A little post-debate refresher on ‘A Civil Tongue’ from Edwin Newman
today at 10:50 am
If, like me, you’re still recovering from trying to understand the presidential debate last night, you may enjoy a little reminder of what the expression “a civil tongue” means and some examples of it. Luckily, I still have Edwin Newman’s book, “A Civil Tongue,” handy. Here are a few calm examples from the early pages. As Newman writes:
“Fortunately, practitioners of a civil tongue do exist. A reporter asked the head of the AFL-CIO, George Meany, for his analysis of the elections of November 1974. What was the people’s mandate? Said Meany: ‘I don’t believe in this mandate stuff. A guy runs for office and gets elected. All of a sudden he’s got a mandate. Two less votes and he’s nothing.’ A good mandate is hard to find.”
(Two fewer votes, actually… but I enjoy the wit of the last line.)
“A civil tongue knows when to remain silent. Over the years, heads of state and heads of government have convinced themselves that their countries will lose prestige, and so will they, if they do not claim the right to deliver tedious speeches whenever possible. At the United Nations the consequence is that everybody assures everybody else of the need for peace and justice and progress, and archives result. In September 1974, Prime Minister Pierre Trudeau of Canada decided not to speak because he had nothing sufficiently important to say. Trudeau’s gesture was little noticed. It should have made him immortal.”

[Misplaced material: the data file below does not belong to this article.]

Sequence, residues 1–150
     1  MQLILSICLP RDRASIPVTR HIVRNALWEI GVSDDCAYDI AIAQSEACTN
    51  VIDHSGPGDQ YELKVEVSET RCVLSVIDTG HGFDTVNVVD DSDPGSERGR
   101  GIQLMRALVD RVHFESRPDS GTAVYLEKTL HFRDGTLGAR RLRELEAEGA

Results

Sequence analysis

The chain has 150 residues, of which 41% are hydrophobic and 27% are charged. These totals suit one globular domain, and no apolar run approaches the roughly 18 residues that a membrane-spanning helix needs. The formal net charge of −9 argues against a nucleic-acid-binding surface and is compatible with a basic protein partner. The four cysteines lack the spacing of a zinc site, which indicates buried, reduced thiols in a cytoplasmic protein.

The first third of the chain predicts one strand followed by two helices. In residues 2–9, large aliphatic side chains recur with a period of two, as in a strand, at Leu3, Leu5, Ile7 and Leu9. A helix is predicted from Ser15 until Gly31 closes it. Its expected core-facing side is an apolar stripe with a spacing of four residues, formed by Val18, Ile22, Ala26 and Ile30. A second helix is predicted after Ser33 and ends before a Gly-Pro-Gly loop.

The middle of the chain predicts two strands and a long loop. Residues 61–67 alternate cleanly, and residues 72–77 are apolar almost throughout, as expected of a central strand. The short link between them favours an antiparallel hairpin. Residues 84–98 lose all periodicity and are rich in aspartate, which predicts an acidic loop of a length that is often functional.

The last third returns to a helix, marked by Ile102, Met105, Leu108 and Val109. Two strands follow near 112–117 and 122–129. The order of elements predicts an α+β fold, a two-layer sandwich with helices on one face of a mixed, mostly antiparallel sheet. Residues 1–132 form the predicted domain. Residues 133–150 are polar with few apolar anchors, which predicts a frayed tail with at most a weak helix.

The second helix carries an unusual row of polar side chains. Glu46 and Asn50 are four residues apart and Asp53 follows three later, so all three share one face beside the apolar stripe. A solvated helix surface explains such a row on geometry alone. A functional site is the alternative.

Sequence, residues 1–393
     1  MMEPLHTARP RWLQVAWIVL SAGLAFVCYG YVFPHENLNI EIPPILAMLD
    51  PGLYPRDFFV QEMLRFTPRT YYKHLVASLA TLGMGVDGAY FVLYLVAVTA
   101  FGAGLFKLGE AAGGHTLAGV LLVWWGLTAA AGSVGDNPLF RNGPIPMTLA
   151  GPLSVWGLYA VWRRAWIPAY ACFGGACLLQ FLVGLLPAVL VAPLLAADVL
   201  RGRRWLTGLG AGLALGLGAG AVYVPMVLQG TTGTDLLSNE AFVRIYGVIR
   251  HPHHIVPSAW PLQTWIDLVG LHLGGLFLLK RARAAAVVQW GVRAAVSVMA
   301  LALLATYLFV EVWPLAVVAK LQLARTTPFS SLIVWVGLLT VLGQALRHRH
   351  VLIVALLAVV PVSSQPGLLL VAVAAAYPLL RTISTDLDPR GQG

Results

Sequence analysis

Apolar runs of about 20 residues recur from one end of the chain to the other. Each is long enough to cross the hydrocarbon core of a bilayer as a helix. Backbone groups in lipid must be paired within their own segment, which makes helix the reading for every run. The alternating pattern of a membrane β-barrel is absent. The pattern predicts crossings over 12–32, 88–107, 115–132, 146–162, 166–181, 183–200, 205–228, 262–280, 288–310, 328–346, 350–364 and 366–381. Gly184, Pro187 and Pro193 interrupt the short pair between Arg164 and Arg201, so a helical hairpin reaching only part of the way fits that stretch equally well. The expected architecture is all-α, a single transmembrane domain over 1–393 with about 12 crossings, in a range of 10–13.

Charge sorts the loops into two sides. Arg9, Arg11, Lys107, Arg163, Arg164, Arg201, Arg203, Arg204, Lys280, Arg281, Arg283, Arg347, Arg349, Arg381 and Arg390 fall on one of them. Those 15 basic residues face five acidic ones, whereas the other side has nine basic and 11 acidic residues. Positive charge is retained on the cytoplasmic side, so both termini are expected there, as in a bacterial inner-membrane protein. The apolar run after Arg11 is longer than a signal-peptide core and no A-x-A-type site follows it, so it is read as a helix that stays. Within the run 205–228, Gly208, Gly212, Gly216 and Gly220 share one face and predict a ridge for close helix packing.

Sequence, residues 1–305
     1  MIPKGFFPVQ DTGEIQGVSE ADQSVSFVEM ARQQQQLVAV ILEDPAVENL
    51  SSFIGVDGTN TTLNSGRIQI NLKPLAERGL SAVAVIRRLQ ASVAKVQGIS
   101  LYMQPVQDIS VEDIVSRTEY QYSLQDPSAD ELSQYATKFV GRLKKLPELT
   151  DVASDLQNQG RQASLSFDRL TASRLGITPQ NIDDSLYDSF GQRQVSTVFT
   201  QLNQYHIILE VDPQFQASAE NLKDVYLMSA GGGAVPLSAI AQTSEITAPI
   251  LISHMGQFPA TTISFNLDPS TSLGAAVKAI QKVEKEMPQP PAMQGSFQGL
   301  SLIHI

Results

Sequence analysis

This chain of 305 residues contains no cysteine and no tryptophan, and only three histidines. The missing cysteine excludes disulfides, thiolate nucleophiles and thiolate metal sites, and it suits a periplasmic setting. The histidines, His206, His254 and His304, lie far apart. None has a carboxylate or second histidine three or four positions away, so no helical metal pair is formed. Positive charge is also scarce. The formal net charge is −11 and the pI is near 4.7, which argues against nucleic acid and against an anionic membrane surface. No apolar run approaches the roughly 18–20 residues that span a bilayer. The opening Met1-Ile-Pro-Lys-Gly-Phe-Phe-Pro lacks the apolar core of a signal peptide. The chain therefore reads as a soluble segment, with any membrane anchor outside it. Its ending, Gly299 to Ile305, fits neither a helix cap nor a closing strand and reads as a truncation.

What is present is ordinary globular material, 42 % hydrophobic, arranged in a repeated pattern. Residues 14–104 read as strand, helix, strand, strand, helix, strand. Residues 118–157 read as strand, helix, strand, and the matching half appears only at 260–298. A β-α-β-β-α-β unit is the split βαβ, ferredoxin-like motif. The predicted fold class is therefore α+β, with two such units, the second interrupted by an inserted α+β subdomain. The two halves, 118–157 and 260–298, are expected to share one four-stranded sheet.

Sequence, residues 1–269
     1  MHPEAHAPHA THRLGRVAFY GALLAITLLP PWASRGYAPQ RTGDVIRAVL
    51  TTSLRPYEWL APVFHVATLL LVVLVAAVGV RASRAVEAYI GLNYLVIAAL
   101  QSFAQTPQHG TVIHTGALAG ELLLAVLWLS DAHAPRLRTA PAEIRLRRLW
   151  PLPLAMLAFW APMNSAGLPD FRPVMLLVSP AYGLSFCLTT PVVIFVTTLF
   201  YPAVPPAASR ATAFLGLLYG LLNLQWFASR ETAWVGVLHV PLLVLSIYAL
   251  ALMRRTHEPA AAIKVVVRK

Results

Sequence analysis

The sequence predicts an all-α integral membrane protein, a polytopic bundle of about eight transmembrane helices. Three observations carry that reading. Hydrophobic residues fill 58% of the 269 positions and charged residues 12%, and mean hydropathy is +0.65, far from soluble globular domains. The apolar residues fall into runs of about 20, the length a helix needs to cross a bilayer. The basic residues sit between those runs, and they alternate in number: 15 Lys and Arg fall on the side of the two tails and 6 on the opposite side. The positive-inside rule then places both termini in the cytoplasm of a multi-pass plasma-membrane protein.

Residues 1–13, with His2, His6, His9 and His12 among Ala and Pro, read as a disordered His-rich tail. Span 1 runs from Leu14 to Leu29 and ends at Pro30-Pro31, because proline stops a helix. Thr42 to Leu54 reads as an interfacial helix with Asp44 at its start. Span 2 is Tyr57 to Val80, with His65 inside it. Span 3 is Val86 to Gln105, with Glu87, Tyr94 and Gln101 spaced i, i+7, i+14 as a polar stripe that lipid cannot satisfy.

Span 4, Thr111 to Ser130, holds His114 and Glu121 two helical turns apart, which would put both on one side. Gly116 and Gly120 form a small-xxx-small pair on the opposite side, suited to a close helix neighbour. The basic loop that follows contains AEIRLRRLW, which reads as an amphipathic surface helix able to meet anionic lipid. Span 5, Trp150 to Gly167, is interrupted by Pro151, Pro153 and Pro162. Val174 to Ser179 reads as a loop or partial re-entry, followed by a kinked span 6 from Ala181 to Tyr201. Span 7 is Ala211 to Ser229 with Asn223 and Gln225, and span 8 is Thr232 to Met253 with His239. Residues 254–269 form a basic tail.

I still find people arguing that Canada and the U.S. are not very different. Now, especially in the light of last night’s debate, I have more information to argue that we are very different countries. Sigh.
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